You are here

Gene

Curcumin is widely used to impart color and flavor to food, but scientists have discovered that this yellow powder derived from the roots of the turmeric plant (Curcuma longa) can also help prevent or combat stomach cancer.

The study by researchers at the Federal University of São Paulo (UNIFESP) and the Federal University of Pará (UFPA) in Brazil identified possible therapeutic effects of this pigment and of other bioactive compounds found in food on stomach cancer, the third and fifth most frequent type of cancer among Brazilian men and women, respectively.

Whilst it is widely accepted that smoking causes lung cancer, a lesser known fact is that ~6000 non-smokers die of lung cancer every year in the UK. One potential reason for this number is air pollution, according to a recent report by Public Health England (PHE). As these patients do not smoke, they are often overlooked when it comes to diagnosing lung cancer, and diagnosed late, with poor outcomes.

Healthy lung and lung with cancer 

Using human cancer cells, tumor and blood samples from cancer patients, researchers at Johns Hopkins Medicine have uncovered the role of a neurotransmitter in the spread of aggressive cancers. Neurotransmitters are chemical "messengers" that transmit impulses from neurons to other target cells.

To explain a person's actions in the present, it sometimes helps to understand their past, including where they come from and how they were raised. This is also true of tumors. Delving into a tumor's cellular lineage, a Ludwig Cancer Research study shows, can reveal weaknesses to target for customized therapies.

The findings, detailed in the April 24 issue of the journal Nature, also illustrate how knowledge of the biochemistry and microenvironment of the tissue from which a tumor arises can help predict the genetic alterations its cancer cells are likely to undergo.

Immune checkpoint inhibitors, such as the anti-PD-1 antibody pembrolizumab, have become important tools for managing non-small-cell lung cancer (NSCLC). Assessing the level of programmed death ligand 1 (PD-L1) expressed by a tumor can help clinicians determine how the patient should be treated. A report in The Journal of Molecular Diagnostics describes a novel and rapid approach for quantifying PD-L1 expression levels in tumors that requires only small amounts of tissue that can be collected using minimally-invasive bronchoscopy techniques.

In a new study, researchers at Uppsala University now demonstrate that one night of sleep loss has a tissue-specific impact on the regulation of gene expression and metabolism in humans. This may explain how shift work and chronic sleep loss impairs our metabolism and adversely affects our body composition. The study is published in the scientific journal Science Advances.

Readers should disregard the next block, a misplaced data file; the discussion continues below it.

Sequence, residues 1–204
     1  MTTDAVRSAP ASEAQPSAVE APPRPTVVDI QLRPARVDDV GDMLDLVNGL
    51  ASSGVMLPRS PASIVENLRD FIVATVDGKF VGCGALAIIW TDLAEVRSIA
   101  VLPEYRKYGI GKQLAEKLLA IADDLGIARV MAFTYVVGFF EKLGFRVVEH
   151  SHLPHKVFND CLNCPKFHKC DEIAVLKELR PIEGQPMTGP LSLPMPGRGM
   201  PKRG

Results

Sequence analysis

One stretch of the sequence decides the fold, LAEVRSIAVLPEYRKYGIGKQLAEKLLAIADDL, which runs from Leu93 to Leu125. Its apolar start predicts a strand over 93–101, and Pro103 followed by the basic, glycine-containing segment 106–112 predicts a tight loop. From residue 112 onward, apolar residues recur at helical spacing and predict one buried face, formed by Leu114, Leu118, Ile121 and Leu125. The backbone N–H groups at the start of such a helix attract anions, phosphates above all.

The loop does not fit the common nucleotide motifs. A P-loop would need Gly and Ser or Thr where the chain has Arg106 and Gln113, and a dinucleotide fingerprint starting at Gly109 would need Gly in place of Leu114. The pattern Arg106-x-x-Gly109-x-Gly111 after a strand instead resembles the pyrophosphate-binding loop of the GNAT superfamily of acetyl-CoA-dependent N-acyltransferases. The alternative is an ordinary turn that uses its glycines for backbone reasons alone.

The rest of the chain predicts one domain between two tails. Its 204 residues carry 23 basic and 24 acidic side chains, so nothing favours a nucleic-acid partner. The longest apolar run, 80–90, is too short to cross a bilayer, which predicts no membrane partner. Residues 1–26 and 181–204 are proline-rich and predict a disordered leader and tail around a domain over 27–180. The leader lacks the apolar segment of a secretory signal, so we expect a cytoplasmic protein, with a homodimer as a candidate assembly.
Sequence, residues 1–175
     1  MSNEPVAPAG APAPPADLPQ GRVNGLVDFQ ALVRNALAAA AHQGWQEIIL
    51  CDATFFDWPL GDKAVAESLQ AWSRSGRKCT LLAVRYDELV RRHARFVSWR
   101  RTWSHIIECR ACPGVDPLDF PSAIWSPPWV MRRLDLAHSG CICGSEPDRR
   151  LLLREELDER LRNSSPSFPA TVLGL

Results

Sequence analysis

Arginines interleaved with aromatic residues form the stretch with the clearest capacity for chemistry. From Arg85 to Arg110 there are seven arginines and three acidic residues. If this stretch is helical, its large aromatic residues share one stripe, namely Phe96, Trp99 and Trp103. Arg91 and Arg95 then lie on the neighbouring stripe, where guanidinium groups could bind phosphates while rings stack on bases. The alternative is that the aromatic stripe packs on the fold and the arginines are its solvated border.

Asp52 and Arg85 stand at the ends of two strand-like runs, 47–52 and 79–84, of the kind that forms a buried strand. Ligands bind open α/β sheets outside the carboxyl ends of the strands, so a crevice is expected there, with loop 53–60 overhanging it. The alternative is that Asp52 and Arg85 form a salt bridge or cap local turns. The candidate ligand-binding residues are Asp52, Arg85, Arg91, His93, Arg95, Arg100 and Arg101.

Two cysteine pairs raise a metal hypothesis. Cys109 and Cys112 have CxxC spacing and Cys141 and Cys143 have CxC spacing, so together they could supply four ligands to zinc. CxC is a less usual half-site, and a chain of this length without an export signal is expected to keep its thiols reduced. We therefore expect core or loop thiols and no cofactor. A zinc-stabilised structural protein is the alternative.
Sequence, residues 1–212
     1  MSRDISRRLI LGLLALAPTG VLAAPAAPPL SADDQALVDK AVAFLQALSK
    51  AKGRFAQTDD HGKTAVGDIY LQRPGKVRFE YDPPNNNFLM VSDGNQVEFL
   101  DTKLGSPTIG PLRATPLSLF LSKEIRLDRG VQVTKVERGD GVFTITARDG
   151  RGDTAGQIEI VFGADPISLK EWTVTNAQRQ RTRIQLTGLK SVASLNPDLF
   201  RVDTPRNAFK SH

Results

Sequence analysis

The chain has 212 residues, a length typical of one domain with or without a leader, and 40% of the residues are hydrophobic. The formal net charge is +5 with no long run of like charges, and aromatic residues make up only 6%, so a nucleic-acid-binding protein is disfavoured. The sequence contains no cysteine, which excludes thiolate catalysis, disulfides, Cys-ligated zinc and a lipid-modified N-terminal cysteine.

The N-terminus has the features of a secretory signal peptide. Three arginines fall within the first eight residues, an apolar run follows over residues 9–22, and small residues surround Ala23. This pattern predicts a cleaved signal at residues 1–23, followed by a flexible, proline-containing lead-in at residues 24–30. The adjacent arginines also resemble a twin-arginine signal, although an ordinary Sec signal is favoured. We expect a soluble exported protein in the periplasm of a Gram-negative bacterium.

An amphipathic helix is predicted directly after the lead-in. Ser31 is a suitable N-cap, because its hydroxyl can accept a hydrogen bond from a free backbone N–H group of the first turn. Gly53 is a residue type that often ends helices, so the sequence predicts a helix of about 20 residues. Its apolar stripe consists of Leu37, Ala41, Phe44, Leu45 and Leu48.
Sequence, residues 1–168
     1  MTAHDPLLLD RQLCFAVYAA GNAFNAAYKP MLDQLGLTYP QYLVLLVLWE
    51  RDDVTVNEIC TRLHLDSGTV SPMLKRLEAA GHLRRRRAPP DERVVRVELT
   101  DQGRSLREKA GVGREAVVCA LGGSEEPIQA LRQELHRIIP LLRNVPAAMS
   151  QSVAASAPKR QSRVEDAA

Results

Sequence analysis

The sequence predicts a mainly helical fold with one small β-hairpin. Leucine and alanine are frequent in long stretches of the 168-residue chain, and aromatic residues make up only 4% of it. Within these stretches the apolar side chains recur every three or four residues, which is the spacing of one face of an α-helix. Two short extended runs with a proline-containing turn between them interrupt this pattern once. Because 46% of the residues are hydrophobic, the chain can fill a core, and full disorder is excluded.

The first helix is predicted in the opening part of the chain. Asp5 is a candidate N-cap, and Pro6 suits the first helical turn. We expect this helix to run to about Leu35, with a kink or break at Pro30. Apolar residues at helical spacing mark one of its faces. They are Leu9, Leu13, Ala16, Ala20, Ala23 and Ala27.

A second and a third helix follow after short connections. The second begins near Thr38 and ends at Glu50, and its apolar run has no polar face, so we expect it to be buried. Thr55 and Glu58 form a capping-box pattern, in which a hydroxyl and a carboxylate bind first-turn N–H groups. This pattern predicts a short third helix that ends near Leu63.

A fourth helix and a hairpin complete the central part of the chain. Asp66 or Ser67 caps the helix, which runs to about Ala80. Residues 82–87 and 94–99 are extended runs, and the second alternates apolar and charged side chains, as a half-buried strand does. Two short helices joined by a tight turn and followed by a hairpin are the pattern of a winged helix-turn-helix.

In a new study, researchers at Uppsala University now demonstrate that one night of sleep loss has a tissue-specific impact on the regulation of gene expression and metabolism in humans. This may explain how shift work and chronic sleep loss impairs our metabolism and adversely affects our body composition. The study is published in the scientific journal Science Advances.

Keratinocyte skin cells are common targets of the beta subtype of human papilloma virus. This usually harmless infection causes skin disease in people with rare gene mutations.

You're probably infected with one or more subtypes of the human papilloma virus--and, as alarming as that may sound, odds are you will never show any symptoms. The beta subtype of the virus, ß-HPV, is widespread in the general population and the least pathogenic; in fact, most carriers don't even know that they have it.

Ludwig Cancer Research and the Cancer Research Institute (CRI) announce the initiation of a clinical trial to evaluate the combination of ONCOS-102, an experimental anti-tumor virotherapy, with the checkpoint blockade antibody IMFINZI® (durvalumab) for advanced ovarian and colorectal cancers.

In a "proof of concept" study, scientists at Johns Hopkins Medicine say they have successfully delivered nano-size packets of genetic code called microRNAs to treat human brain tumors implanted in mice. The contents of the super-small containers were designed to target cancer stem cells, a kind of cellular "seed" that produces countless progeny and is a relentless barrier to ridding the brain of malignant cells.

Results of their experiments were published online June 21 in Nano Letters.

Pages

Subscribe to Gene